Fate of 2nd man charged with Chicago cop’s slaying in 2011 now in hands of jury

SHARE Fate of 2nd man charged with Chicago cop’s slaying in 2011 now in hands of jury
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Alexander Villa | Cook County sheriff’s office

A jury in the second trial of three men accused of killing Chicago Police Officer Clifton Lewis during a 2011 convenience store robbery began deliberations Thursday night.

After a long day of testimony and arguments, Judge James Linn released jurors just before 8 p.m. to begin weighing the evidence they have heard since Monday in the trial of Alexander Villa.

Family and friends of Lewis and Villa, as well as dozens of police officers who attended the hearing, then filed out of the room to await the verdict.

Villa, 31, is accused of being one of two gunmen who allegedly shot Lewis when they were alleged to have robbed M&M Quick Foods in Austin, where Lewis, 41, was working a second job as a security guard.

He is facing charges of first-degree murder, aggravated battery with a firearm and armed robbery in the case.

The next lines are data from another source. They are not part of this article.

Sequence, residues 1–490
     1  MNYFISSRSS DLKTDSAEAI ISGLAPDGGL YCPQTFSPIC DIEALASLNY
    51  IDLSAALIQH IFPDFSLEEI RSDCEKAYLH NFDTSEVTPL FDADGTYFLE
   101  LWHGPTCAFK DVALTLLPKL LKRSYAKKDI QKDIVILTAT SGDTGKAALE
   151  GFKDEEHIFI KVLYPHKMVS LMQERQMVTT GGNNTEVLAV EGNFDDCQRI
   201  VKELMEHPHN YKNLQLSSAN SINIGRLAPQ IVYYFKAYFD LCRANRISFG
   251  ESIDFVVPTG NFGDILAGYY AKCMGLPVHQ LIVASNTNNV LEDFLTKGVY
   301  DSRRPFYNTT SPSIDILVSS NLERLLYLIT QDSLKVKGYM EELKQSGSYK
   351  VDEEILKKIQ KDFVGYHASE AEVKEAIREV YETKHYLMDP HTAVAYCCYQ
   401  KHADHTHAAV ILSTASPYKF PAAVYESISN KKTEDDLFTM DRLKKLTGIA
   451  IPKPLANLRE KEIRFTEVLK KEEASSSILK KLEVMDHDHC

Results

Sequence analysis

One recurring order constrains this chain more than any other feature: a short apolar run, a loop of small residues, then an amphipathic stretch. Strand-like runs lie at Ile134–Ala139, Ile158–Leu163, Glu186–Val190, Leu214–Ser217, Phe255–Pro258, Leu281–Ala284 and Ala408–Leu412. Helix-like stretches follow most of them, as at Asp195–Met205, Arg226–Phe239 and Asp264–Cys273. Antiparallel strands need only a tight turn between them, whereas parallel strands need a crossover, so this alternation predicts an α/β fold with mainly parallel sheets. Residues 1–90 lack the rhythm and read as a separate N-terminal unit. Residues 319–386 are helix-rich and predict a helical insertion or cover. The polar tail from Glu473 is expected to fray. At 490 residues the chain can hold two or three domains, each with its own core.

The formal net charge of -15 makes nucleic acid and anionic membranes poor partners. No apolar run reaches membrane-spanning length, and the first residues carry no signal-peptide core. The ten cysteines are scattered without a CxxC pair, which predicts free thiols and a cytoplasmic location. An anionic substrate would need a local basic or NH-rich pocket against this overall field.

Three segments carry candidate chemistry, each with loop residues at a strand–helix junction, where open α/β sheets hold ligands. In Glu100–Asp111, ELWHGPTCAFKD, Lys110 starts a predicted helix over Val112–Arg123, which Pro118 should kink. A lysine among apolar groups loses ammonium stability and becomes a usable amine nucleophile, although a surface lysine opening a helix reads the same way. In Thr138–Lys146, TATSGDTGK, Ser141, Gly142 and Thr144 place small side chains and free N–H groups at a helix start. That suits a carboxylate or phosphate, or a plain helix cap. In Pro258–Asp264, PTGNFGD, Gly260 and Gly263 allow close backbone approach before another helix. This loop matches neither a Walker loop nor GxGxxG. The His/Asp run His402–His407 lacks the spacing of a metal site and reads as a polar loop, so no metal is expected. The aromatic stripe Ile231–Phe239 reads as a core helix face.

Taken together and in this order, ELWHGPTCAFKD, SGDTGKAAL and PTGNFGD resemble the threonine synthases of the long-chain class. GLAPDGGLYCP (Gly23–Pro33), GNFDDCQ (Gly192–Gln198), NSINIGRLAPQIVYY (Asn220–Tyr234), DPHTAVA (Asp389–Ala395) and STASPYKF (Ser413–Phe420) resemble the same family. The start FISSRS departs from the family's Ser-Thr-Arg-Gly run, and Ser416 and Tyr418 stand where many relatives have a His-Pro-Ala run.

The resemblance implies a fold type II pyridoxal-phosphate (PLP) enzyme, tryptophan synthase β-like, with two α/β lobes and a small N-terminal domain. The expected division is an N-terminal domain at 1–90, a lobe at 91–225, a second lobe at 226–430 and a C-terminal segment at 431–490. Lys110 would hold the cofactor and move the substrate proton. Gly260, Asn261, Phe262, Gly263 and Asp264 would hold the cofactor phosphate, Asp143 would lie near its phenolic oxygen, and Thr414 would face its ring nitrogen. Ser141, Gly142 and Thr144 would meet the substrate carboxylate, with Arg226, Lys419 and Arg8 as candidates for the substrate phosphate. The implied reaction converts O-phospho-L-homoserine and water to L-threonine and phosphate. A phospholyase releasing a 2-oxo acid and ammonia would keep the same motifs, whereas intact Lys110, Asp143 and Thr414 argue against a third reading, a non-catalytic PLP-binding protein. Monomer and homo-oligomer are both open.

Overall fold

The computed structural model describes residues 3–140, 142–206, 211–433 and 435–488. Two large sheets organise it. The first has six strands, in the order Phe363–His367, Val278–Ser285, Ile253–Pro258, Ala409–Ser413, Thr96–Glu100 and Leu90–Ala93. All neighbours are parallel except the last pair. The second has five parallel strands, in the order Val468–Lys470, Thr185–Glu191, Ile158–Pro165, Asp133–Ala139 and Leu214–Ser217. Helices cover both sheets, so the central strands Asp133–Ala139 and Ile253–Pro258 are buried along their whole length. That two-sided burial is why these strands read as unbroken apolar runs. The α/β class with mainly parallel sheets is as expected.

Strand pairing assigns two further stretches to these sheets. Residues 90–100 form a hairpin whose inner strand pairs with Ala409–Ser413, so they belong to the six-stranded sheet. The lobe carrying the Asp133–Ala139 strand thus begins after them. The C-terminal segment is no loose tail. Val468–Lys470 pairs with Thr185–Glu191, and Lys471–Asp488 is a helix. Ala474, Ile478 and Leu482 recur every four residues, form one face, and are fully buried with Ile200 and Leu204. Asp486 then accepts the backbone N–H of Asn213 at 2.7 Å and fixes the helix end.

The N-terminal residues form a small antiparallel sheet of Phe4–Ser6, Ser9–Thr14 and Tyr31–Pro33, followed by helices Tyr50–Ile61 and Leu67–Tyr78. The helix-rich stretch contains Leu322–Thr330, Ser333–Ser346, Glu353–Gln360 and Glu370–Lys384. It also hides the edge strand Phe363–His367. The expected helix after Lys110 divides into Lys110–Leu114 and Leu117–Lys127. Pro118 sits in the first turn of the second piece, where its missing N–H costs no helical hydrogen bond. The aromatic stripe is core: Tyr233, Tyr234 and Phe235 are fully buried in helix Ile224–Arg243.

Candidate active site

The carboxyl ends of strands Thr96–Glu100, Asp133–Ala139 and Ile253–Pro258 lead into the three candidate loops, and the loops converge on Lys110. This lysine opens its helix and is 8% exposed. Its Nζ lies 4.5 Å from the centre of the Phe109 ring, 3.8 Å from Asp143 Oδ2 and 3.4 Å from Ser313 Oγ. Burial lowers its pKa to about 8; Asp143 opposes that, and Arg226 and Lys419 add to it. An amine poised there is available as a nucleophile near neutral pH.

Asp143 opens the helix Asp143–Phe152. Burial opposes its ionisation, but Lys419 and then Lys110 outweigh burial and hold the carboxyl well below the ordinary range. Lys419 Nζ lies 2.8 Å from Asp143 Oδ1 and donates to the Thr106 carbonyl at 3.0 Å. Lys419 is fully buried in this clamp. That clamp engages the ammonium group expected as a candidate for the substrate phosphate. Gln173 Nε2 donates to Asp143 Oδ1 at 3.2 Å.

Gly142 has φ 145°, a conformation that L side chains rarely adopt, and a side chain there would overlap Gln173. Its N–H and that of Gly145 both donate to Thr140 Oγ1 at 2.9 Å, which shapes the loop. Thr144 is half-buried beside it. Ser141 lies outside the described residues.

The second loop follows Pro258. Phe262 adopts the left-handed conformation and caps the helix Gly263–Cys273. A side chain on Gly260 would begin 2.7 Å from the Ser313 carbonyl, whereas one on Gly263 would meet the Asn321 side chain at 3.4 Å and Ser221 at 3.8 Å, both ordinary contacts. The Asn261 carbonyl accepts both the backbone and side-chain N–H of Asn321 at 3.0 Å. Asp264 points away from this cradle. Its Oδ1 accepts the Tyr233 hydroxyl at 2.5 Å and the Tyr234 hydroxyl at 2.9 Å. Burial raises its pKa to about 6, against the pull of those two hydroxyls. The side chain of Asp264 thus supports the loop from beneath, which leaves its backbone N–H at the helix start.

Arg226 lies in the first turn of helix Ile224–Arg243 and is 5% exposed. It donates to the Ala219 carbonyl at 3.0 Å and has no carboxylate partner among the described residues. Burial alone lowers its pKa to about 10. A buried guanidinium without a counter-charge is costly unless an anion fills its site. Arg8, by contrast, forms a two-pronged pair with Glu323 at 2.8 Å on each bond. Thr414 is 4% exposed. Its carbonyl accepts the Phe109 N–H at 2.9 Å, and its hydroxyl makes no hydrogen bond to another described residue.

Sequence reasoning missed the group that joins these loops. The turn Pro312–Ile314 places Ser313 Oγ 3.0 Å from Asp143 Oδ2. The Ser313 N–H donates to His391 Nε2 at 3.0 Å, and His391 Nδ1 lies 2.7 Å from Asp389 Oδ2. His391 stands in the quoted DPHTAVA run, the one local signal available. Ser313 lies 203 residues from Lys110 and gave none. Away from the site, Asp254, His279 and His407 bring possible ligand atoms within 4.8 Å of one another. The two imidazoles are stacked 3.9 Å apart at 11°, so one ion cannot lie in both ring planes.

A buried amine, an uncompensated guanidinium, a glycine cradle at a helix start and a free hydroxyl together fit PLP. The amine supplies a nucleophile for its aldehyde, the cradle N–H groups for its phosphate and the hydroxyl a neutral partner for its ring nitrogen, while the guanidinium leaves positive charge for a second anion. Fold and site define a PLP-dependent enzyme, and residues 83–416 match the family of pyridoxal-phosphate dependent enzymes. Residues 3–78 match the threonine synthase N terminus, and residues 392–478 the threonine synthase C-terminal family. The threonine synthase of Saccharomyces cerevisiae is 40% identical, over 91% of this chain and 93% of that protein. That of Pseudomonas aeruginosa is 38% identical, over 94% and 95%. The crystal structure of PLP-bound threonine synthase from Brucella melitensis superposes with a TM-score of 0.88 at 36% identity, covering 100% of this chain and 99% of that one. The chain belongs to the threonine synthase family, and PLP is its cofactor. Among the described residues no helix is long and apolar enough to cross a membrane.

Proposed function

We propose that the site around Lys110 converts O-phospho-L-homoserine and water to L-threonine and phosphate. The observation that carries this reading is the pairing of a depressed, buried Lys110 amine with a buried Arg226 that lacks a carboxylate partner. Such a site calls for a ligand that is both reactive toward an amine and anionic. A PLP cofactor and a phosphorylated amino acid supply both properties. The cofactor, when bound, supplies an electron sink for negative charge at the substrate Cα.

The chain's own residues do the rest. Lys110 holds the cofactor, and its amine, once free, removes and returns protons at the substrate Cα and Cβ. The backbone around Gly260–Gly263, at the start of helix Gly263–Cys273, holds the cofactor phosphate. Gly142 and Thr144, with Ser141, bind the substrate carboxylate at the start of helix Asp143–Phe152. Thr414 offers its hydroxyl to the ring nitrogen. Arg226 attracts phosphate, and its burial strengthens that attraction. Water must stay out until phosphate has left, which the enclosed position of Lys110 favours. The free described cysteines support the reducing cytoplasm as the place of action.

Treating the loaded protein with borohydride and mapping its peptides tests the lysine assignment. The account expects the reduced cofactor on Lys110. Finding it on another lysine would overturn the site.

Officer Clifton Lewis | photo provided by Chicago Police Department

Officer Clifton Lewis | photo provided by Chicago Police Department

On Monday, prosecutors went frame-by-frame through surveillance video from four different cameras inside the store. The footage showed two men bursting into the convenience store and opening fire.

Villa was arrested in 2013.

Since Monday, jurors have heard the testimony of multiple witnesses who claimed to have heard Villa discussing or bragging about shooting a police officer during the robbery, prosecutors said during closing arguments.

Assistant State’s Attorney Nancy Adduci compared the case to a puzzle with missing pieces but said the picture painted by prosecutors — that of a guilty Alexander Villa — should be clear.

“The video shows it all,” Adduci said.

Villa’s private defense attorney, Michael F. Clancy, said the case was anything but clear and accused prosecutors of playing with the jurors’ emotions to find his client guilty of a cop’s murder.

“She wants you to forget the cold, hard facts of the case,” Clancy said of Adduci.

Clancy questioned the credibility of earlier witness testimony as fabricated and based on “rumors on the street,” and told jurors to focus on the video evidence and phone records — sources he said couldn’t lie or be swayed by human emotion.

A co-defendant, Edgardo Colon, was found guilty at trial two years ago and was sentenced to 84 years in prison for his role as the getaway driver in the robbery.

Another co-defendant, Tyrone Clay, is currently awaiting trial.

Andy Grimm contributed reporting for this story

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